• February 16th 2014 @ 3:59pm
            Aussie Opener said | February 16th 2014 @ 3:59pm | ! Report

            Yep, pressure is certainly A key, but if test match bowlers “leak” too many runs and not take many wickets, they won’t be test match bowlers for long. But yes, everyone is playing their role. Lyon for me has been fantastic. I think he has definitely sown up the spinners spot, which also has stabilised the attack.

          • Roar Guru

            February 17th 2014 @ 9:08am
            Chris Kettlewell said | February 17th 2014 @ 9:08am | ! Report

            Definitely is true. The fact is that Harris and Siddle are both in the top 5 ranked bowlers in World Cricket at the moment, and Lyon is rapidly turning into a very high quality spinner. If they do manage to withstand Johnson, they don’t get any let-up with Harris, Siddle and Lyon. And those guys bowling so well allows Clarke to just unleash Johnson in short sharp bursts to destroy the batting lineup.

            Michael Clarke’s comments on his belief that he had the best bowling lineup in the world at his disposal don’t look so stupid now do they!

    • February 16th 2014 @ 7:53am
      Andrew said | February 16th 2014 @ 7:53am | ! Report

      Congrats MJ well played. Keep up the fantastic bowling! Back to back 5 fors as well as 12 for the match against the best attack in the world is a mighty effort. With MJ bowling like this, surely the Aussies must be closing on being number 1.

    • Roar Rookie

      February 16th 2014 @ 8:21am
      Passionate_Aussie said | February 16th 2014 @ 8:21am | ! Report

      I’d love to know who Johnson loves to bowl at more, England or South Africa?

      Vs England: matches 14, 72 wickets, 5 5w hauls, best 7/40, average 23.92, S/r 40,61
      Vs SthAfrica: matches 10, 54 wickets, 3 5w hauls, 2 10w hauls, best 8/61, average 25.67, S/r 48.44

    • February 16th 2014 @ 8:21am
      Hilly said | February 16th 2014 @ 8:21am | ! Report

      That ball to Amla was an absolute cracker.
      If not for the grill it would have killed him.

      • February 16th 2014 @ 10:21am
        Sideline Comm. said | February 16th 2014 @ 10:21am | ! Report

        I know, it certainly rattled him. That would have rearranged his face something fierce.

      • February 16th 2014 @ 11:11am
        Gremlins said | February 16th 2014 @ 11:11am | ! Report

        Maybe we need to stop condemning the Poms for the Bodyline Series. I can’t see any real difference, except for the quality (and quantity) of modern protective gear.

        • February 16th 2014 @ 11:33am
          AlanKC said | February 16th 2014 @ 11:33am | ! Report

          1) All the other quicks bowling the same stuff;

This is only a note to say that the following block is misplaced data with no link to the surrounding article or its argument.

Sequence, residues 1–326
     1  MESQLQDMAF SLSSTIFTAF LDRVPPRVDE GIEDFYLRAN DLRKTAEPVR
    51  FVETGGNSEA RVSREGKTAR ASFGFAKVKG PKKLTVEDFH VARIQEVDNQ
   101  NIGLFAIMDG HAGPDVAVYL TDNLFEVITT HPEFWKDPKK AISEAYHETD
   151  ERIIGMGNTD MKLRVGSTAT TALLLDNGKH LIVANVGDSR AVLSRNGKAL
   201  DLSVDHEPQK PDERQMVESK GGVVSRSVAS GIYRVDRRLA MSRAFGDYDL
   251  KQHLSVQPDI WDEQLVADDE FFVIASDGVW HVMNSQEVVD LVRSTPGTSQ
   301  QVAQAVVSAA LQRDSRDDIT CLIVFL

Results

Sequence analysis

2) The number of fieldsmen behind square leg;
          3) The number of short balls being bowled per over.

          • February 16th 2014 @ 3:21pm
            Anfalicious said | February 16th 2014 @ 3:21pm | ! Report

            Yep body line was as much about field setting as the bowling.

            • Roar Guru

              February 16th 2014 @ 5:52pm
              Jack Smith said | February 16th 2014 @ 5:52pm | ! Report

              Also saw a documentary though that worked out through sports science and tech that that bowler, Harold Larwood, bowled between 140-150 km and players had no helmet.

        • Columnist

          February 16th 2014 @ 4:14pm
          Glenn Mitchell said | February 16th 2014 @ 4:14pm | ! Report

          Gremlins, there is no comparison to what Johnson is doing and Bodyline. At most, MJ has two men in short on leg side. Jardine had as many as five. Thankfully the laws no longer permit the number of men behind square leg as was the case in 1931-32.

          • February 17th 2014 @ 8:40am
            ChrisB said | February 17th 2014 @ 8:40am | ! Report

            While there is a lot of truth in this, I can’t help but recall Jack Fingleton’s reflections years after the event (in David Friths book, I think” where he said “I think We Australians made to much of Bodyline”
            I think some of it was disbelief that the “home country” could be so perfidious…..

      • February 16th 2014 @ 11:19am
        gbrown2 said | February 16th 2014 @ 11:19am | ! Report

        hello hilly how old are you
        it didn’t kill any of us just another thing I ponder about

      • Roar Pro

        February 16th 2014 @ 10:03pm
        Luke Smyke said | February 16th 2014 @ 10:03pm | ! Report

        Wasn’t exactly an innocuous off break sliding down leg side that you dream of welcoming you to the crease was it!